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According to Report on Conditions of Work and Promotion of Livelihoods in the Unorganised Sector, please click here to access:  

  • The share of agricultural workers in the female workforce is very high, 72.8 per cent in 2004-05, while for males it is much lower at 48.9 per cent.
  • Among female agricultural workers, the share of those working as farmers has been slightly lower than for males in the earlier years (Employment-Unemployment Surveys of NSSO). However, in 2004-05 the share of farmers among men and women was almost equalized 64.4 per cent among women and 64 among men agricultural workers.
  • Among the small farmers, 62 per cent of men and 85 per cent of women are illiterate or have education upto primary level. Only about 20 per cent of the male small farmers and 6 per cent of the female small farmers had levels of education above secondary schooling.
  • Percentage of female agricultural labourers in the total workforce in rural areas has declined from 36.5% in 1999-2000 to 29.2% in 2004-05.
  • The incidence of child female agricultural labourers (2.4 per cent) is higher than for child male labourers (1.5 per cent) in 2004-05.
  • Gender disparity within agriculture is also high though the ratio of female wages to male agricultural manual wages has remained unchanged at about 0.70 since 1993-94 indicating that male wages are 1.4 times the female wages.
  • The wage employment days available for female agricultural labourers were 196 in 1993-94, which declined to 184 in 2004-05.
  • There was no feminisation of agriculture till 2000, however, the share of women workers in agriculture in 2004-05 showed an increase. The obverse is observed for the process of casualisation of female workforce in agriculture, i.e., proportion of agricultural labourers among female workers in agriculture.
  • Casualisation of the workforce in agriculture occurred from 1983 to 2000 for men and women and in 2004-05 when the feminisation of the workforce seemed to have occurred, there was no further casualisation of the workforce.

According to The EU India FTA in Agriculture and Likely Impact on Indian Women by Roopam Singh & Ranja Sengupta, December, 2009, CENTAD, please click here to access:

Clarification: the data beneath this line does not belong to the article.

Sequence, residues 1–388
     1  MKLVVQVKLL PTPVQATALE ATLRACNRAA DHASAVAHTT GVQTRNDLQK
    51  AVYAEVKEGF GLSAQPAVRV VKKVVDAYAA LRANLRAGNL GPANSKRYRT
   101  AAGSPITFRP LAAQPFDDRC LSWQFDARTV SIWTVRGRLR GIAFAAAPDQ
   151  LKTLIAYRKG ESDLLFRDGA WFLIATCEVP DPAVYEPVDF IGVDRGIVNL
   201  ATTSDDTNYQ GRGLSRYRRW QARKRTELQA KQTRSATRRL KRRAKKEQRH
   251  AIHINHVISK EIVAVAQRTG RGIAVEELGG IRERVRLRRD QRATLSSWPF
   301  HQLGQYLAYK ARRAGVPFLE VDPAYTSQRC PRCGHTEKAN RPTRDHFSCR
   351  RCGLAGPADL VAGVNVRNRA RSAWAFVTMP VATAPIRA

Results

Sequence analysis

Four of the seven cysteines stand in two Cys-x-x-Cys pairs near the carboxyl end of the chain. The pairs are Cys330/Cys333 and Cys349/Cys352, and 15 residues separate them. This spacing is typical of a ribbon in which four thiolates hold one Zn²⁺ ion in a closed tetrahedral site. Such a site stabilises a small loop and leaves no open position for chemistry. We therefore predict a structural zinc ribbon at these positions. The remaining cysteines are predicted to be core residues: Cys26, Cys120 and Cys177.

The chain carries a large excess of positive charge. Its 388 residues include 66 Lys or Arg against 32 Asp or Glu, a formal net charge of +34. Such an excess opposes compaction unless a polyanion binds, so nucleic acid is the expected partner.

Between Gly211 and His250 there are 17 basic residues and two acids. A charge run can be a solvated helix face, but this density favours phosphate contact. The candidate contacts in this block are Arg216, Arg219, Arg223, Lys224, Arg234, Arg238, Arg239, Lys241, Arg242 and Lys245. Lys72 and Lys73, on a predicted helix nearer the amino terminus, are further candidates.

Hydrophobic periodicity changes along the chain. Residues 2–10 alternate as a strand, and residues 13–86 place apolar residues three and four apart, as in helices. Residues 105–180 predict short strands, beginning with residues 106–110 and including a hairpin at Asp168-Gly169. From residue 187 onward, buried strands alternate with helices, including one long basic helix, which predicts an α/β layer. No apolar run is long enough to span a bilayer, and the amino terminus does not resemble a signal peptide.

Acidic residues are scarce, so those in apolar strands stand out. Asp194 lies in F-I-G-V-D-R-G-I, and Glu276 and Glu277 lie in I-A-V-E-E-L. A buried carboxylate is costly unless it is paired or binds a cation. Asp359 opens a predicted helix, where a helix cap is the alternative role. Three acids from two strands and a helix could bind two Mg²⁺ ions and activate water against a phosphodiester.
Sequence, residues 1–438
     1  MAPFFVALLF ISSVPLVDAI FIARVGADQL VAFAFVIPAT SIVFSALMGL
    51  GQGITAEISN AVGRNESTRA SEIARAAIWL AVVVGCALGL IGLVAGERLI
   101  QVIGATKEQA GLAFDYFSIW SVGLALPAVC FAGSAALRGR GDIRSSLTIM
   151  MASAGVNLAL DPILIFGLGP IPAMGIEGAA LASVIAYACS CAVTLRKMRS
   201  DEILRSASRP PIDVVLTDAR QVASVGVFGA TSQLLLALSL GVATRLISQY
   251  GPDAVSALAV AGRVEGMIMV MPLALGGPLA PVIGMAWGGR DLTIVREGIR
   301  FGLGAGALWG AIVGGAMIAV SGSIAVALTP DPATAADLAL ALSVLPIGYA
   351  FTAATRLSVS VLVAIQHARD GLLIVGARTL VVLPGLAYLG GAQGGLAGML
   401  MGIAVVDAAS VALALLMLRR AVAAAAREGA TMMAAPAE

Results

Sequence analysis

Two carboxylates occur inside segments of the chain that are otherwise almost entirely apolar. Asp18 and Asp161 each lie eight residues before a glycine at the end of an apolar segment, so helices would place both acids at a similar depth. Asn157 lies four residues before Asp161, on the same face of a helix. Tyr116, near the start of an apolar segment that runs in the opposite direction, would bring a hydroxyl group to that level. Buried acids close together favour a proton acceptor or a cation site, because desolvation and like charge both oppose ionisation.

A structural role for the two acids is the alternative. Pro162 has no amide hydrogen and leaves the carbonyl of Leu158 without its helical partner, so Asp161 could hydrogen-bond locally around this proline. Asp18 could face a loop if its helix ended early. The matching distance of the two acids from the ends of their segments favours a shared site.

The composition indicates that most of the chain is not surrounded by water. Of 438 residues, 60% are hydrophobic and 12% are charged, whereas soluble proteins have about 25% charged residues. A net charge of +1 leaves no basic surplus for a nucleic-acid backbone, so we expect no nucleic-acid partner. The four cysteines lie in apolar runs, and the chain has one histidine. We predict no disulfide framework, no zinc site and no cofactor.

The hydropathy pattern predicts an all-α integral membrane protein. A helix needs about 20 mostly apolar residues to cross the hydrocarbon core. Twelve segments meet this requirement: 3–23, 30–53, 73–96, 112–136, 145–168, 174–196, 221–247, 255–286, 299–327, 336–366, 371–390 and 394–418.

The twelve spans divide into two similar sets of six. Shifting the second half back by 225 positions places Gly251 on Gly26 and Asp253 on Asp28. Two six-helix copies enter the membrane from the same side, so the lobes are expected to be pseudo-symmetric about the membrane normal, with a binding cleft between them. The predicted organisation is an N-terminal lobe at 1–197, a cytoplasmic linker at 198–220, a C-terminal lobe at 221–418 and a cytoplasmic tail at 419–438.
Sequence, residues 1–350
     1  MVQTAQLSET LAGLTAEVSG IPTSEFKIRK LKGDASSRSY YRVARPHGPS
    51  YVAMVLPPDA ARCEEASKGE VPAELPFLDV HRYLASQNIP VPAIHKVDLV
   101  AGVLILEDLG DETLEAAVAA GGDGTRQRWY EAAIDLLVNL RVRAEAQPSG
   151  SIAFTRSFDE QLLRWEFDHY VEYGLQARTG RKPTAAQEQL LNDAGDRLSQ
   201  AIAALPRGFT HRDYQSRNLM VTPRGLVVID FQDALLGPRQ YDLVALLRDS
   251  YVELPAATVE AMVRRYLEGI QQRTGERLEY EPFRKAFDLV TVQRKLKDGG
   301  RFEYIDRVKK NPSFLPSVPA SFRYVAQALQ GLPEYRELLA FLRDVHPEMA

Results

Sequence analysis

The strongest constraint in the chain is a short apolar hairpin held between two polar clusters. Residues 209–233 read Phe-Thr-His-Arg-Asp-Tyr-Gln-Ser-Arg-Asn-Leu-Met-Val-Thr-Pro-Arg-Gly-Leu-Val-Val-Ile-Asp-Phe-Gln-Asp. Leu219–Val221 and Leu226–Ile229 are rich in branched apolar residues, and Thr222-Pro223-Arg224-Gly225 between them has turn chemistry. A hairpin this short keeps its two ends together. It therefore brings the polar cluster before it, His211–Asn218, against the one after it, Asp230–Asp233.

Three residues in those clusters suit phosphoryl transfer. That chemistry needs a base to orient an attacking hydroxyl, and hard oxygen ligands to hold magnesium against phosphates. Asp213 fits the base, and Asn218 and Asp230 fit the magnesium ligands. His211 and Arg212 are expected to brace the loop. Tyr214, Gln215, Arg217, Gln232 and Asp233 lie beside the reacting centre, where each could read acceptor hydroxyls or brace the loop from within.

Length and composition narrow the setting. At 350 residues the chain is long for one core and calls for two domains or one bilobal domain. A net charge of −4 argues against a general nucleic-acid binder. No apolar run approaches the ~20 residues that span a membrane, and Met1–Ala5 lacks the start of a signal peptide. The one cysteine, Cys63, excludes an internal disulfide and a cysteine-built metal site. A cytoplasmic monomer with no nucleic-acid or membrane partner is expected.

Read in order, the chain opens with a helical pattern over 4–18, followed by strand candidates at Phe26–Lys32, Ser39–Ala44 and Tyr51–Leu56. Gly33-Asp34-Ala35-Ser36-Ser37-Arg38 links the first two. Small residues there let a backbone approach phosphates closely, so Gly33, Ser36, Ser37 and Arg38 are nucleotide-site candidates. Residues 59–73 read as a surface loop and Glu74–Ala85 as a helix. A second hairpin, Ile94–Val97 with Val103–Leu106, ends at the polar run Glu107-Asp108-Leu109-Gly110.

• As per the Census 2001, total work force in India is 400 million of which 68.37 percent are male workers and 31.63 percent are female workers.
  • The total agriculture workforce in India is 234,270,000 as per 2001 census, of which 38.99 percent is contributed by female workforce and 60.93 percent is male workforce.
  • 46.23 percent of the agricultural labourers are women whereas, 32.91 percent of the total cultivators are women who perform low end jobs. In comparison, 67.09% of cultivators are male.
  • In India, agriculture is a highly gender sensitive sector. Almost 75.38% of all women workforce are engaged in agriculture. Within agriculture, 94% of women in crop cultivation are in cereal production and other crops n.e.c., 1.4% in vegetable production and horticulture, while 3.72% are engaged in fruits, nuts, beverages, and spice crops.
  • Foodgrains production draws about 33 percent of its labour from women. Growing of sugarcane and sugar beet draws 25.5 percent of its labour force from women.
  • Animal Husbandry employs 7.03% of women workers who are engaged in agriculture.
  • The Plantation sector is a large employer of women that employs 6.86 percent of the total women force in the agriculture allied activities and fisheries sector employs 0.49 percent of the women.
  • Agriculture, with its low requirement of skills and work which can be more easily combined with work at home, is an easy source of work for women. Many women also work as unpaid family labour. Due to lack of education and training, women who are engaged in agriculture are less able to shift easily to other higher skilled jobs, for example, in the services sector. This makes them dependent on this sector and on its stable growth for survival.
  • As per the NSS Report 2004-05, the involvement of women in various agricultural activities in percentage terms (percentage distribution among women agricultural workers according to activity) is 1.23 percent in ploughing, 4.2 percent in sowing, 6.13 percent in transplanting, 23.82 percent in weeding and 23.64 percent in harvesting and 40.98 percent in other cultivation activities.
  • While gender wage disparity in all these activities is about the same, about 70 percent, activities like ploughing, dominated by men, seem to command the highest level of wages while weeding activities earn the lowest, implying a gap of Rs. 9.46 per day for males. The gap between wages for ploughing earned by males and weeding wages earned by females is Rs. 21.47.
  • In rural areas, women earn about 70 percent of men's wages in terms of both regular and casual wages. Wages also seem to vary significantly by location, education status and age group.
  • Women seldom enjoy property ownership rights directly in their names. Even when women have mutations of land in their names, they may not have actual control over that land. Decision making in cropping patterns, sale, mortgage and the purchase of land or the instruments of production remains in the hands of the men of the household. 


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